MORGANTOWN, W.Va. – WVU Medicine officials broke ground today (May 11) for a new clinic to be built on Murtha Drive in Waynesburg, Pa., off exit 14 of I-79.
“We believe in and understand the importance of providing the right care to the right patient at the right time and place, and we believe that now is the time to create an easier connection between our providers and the people of Greene County,” Judie Charlton, M.D., WVU Medicine chief medical officer, said. “Nobody should have to travel a great distance to receive high quality primary and specialty care, and that’s why we’re bringing our providers to Waynesburg.”
The $13.8 million, 24,300-square-foot outpatient center will include 21 exam rooms and five procedure/specialty rooms. It will employ 25 people.
Approximately 15,000 square feet will house the following WVU Medicine clinics:
Another 3,700 square feet will be occupied by MedExpress Urgent Care, and the remaining 5,600 square feet will be shell space for future growth. There will also be an additional 17,440 square feet of land that could be used for future expansion.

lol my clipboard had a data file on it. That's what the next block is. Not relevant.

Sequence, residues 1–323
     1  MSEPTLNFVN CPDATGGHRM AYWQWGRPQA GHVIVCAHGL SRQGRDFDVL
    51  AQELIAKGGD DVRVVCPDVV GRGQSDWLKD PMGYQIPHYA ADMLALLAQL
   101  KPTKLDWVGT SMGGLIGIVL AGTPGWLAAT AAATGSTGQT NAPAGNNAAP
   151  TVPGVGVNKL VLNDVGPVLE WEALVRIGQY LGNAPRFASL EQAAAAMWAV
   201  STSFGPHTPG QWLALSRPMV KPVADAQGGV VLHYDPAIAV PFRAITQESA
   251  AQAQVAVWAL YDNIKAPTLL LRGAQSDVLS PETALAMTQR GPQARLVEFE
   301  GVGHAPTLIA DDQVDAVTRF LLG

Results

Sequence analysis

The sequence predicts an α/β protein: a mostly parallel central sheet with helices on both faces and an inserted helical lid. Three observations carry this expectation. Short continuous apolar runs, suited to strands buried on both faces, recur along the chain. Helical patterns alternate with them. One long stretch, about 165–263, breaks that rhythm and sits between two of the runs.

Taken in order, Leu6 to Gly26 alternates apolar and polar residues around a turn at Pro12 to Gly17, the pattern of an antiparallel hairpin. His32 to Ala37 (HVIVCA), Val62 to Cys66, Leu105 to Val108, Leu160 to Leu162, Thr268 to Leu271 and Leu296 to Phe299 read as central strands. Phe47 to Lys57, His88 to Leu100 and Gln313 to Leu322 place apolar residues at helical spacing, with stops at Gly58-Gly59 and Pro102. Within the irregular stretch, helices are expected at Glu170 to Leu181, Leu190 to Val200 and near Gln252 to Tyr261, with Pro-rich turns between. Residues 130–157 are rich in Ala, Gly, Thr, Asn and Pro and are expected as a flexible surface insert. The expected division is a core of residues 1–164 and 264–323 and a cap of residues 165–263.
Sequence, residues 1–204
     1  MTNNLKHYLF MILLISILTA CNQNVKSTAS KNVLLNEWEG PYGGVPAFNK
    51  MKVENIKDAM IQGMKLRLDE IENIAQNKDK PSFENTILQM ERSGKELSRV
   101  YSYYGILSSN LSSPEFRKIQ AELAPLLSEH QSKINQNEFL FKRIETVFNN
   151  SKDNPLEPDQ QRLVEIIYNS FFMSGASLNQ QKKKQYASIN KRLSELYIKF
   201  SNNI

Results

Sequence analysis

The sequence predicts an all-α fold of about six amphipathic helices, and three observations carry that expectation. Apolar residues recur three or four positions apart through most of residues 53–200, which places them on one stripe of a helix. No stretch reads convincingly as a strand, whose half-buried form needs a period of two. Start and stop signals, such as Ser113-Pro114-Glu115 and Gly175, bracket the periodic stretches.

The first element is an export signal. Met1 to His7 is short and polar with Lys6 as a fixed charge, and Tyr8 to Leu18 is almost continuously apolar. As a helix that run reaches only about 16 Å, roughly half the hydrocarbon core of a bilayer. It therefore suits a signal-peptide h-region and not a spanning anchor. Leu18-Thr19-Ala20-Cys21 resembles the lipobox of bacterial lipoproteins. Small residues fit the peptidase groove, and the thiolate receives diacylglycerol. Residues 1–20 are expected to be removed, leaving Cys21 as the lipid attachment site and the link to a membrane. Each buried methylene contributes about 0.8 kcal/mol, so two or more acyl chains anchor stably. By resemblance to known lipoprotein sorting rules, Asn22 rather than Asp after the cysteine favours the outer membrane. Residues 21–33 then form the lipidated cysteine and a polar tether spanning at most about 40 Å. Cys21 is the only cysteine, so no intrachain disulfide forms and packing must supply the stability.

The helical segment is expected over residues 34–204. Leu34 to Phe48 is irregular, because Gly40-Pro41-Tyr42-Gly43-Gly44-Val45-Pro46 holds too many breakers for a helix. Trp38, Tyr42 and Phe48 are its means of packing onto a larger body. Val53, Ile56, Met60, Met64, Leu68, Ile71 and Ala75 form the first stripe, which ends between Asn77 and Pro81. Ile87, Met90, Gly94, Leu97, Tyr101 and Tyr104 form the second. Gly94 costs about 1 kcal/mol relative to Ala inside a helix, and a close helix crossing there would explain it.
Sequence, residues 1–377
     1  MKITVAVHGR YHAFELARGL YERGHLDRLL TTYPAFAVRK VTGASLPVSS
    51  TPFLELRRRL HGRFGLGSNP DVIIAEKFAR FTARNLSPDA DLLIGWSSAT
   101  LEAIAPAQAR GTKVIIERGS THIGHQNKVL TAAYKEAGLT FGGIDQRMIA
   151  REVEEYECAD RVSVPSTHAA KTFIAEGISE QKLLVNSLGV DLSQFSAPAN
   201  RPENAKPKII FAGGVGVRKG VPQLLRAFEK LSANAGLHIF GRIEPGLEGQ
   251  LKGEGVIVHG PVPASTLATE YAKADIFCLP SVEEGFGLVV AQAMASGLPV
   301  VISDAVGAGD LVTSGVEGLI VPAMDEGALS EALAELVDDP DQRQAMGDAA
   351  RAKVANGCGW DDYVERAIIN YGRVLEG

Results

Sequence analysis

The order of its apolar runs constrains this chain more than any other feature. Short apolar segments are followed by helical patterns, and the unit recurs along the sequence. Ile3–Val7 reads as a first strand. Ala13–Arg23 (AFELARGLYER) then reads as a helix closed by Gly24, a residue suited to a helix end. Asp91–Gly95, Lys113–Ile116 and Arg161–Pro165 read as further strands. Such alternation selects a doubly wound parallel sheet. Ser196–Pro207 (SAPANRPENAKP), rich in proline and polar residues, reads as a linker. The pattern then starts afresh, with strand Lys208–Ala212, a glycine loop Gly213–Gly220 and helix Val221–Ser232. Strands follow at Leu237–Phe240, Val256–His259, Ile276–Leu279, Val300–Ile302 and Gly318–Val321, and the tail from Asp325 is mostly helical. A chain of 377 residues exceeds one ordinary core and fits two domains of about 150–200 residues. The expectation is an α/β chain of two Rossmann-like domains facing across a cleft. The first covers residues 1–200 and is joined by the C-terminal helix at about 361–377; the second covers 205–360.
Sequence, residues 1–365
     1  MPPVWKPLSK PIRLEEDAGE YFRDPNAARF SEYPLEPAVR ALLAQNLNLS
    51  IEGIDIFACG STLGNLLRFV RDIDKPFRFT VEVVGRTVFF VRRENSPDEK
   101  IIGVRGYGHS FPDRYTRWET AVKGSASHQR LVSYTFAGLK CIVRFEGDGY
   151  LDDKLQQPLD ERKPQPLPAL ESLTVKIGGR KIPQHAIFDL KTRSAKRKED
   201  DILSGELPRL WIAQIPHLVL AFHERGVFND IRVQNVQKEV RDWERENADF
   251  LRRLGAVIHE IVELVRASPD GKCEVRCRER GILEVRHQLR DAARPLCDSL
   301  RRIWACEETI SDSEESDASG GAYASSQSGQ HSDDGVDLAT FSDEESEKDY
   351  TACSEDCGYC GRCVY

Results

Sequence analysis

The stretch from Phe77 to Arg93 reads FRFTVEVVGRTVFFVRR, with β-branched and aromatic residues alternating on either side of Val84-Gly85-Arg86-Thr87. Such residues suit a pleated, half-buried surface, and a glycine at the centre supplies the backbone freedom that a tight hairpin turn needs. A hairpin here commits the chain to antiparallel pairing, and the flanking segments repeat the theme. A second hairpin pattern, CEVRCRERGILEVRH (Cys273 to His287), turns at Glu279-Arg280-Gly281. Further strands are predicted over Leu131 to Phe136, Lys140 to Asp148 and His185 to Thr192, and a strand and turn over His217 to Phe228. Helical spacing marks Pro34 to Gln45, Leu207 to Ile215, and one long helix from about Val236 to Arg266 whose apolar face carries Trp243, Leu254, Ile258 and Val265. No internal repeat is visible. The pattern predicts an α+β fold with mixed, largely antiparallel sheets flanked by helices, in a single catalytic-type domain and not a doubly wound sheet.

“We built outpatient centers like this one right off of I-79 in Morgantown and Fairmont, and they have been a win-win for us and our patients. They helped us alleviate some of the congestion on our main campus in Morgantown, and they provided our patients with convenient access to our primary care and specialty providers,” Darin Rogers, vice president and chief ambulatory operations officer of WVU Medicine-WVU Hospitals, said. “Our goal is for this outpatient center in Waynesburg to provide residents of Greene County and the surrounding area with the same convenient access to our providers.”
The building is scheduled to open in fall 2019.
The Ultrasound Practice Accreditation Council of the American Institute of Ultrasound in Medicine (AIUM) has accredited the ultrasound practices at WVU Medicine’s outpatient clinic located near the Fairmont Gateway Connector. The new accreditation will be granted for three years.
WVU Heart and Vascular Institute garnering national attention for work in artificial intelligence in diagnostic cardiology
Recent editorials written by Partho Sengupta, M.D., chief of Cardiology and chair of the Center of Innovation, and Sirish Shrestha, M.Sc., biostatistician and machine learning research scientist, at the WVU Heart and Vascular Institute provide framework regarding the use of artificial intelligence for precise and early detection of cardiac disease.
When a child is hospitalized, what he or she considers “normal” – going to school, participating in extracurricular activities, daily routines – is disrupted. For children who are admitted for extended stays at WVU Medicine Children’s, a new School Intervention Program is available to keep them on track, so they can return to their classrooms without missing a beat.